« Reply #730 on: September 13, 2020, 09:22:37 PM »
“Keep back from the platform edge – passing trains cause air turbulence” :D


Peter

Offline emjaybee

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Re: Show your Latest Loco and Rolling Stock Purchase - American N
« Reply #731 on: September 13, 2020, 09:47:33 PM »
Awesome  :D

I just wanna see it do a 'Keystone Kops' and go through a tunnel thwacking the gear off the roof.

 ;D

I should think that was quite a sight to see!
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Offline 70000

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Re: Show your Latest Loco and Rolling Stock Purchase - American N
« Reply #732 on: September 14, 2020, 06:45:16 AM »
That is one fabulous looking locomotive - I want one!

You could always model the Russian version.....
https://www.youtube.com/watch?v=zV0fh4u14xQ

Offline Philip.

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Re: Show your Latest Loco and Rolling Stock Purchase - American N
« Reply #733 on: September 14, 2020, 05:57:44 PM »
needs Wile E. Coyote sat on top  ;)
Be careful whose toes you step on, they might be attached to the foot that kicks your backside in the future!

Offline Rich_S

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Re: Show your Latest Loco and Rolling Stock Purchase - American N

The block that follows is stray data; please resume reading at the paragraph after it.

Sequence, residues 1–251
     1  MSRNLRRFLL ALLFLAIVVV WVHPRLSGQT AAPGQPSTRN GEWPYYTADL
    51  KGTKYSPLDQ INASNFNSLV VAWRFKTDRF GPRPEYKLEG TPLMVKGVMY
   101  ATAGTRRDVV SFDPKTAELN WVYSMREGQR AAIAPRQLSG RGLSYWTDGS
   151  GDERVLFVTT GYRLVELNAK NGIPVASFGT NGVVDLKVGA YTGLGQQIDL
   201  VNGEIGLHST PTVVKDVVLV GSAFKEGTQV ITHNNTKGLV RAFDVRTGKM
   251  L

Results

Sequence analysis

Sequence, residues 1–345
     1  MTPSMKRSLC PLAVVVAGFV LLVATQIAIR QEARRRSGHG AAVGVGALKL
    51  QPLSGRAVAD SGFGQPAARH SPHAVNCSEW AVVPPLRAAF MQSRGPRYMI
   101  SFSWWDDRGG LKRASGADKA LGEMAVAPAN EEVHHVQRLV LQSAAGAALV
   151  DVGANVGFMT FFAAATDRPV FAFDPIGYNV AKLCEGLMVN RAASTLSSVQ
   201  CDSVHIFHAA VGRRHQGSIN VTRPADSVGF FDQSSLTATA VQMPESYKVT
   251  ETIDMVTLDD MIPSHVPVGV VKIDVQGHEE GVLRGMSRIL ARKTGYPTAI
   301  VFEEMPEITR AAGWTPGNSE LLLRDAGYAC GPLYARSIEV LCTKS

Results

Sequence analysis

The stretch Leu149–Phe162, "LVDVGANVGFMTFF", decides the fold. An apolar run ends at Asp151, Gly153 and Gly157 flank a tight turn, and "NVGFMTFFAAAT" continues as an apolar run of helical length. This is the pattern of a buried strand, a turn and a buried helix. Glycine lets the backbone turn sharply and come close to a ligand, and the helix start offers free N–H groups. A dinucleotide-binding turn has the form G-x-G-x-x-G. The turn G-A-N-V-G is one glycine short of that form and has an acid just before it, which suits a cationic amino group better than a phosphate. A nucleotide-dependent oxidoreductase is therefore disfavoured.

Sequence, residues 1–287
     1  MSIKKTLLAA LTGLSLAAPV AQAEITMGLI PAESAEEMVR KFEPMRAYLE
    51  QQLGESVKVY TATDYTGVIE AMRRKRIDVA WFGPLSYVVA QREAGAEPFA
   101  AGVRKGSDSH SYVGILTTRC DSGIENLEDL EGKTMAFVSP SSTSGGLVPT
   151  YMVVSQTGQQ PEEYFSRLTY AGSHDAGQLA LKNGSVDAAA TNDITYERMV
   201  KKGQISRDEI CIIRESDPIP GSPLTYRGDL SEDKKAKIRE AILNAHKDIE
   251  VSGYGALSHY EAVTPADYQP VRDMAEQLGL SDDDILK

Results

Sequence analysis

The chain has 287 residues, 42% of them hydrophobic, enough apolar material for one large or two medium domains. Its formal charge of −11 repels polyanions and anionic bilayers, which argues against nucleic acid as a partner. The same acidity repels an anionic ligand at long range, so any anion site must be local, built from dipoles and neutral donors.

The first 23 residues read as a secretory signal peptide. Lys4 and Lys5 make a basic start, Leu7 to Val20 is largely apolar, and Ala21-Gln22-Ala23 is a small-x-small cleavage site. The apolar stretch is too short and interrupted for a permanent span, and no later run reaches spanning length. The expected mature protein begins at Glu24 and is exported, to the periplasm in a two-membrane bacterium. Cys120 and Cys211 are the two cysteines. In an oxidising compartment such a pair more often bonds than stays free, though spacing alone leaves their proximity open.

« Reply #734 on: September 16, 2020, 04:10:41 PM »


In 1966, the real M-497 was cheaply converted within four weeks from a thirteen year old Budd RDC-3 and the booster engines from a retired Convair B-36 bomber (which used six props and four jet boosters), topped off with a streamlined front (the windscreens were number boards from an F-unit), to test whether high-speed rail traffic would be possible with existing stock and track. It’s unlikely that much useful data was gathered during the four test runs, and the whole episode was more a PR stunt than serious research. At least, the top speed of 183.68 mph (295.6 km/h) meant a U.S. speed record for the NYC, a last hurrah before the Penn Central merger in 1968.


Hi Peter, Yes this was a last ditch PR effort to try and attract passengers. The railroads were seeing massive financial loss in the passenger business and it was reported on some trains employees out numbered passengers. Because of government regulations, a railroad could not just stop running passenger trains, but instead had to get government permission to stop running the passenger train. Things became so dire, that just 5 years after the attached video was made, all but a few US railroads handed their passenger operations over to Amtrak, a newly created government corporation created to handle the US passenger rail business. Basically the deal was, Amtrak would take over the passenger rail business and the railroads had to allow Amtrak to operate their trains over the various rail lines. I remember the early days of Amtrak, we called those early Amtrak trains, "Rainbow Trains" because of all the locomotives and passenger cars just thrown together to try and keep the passenger trains running.

That is a very neat model by Kato, thanks for sharing the photos.

Cheers,
Rich S.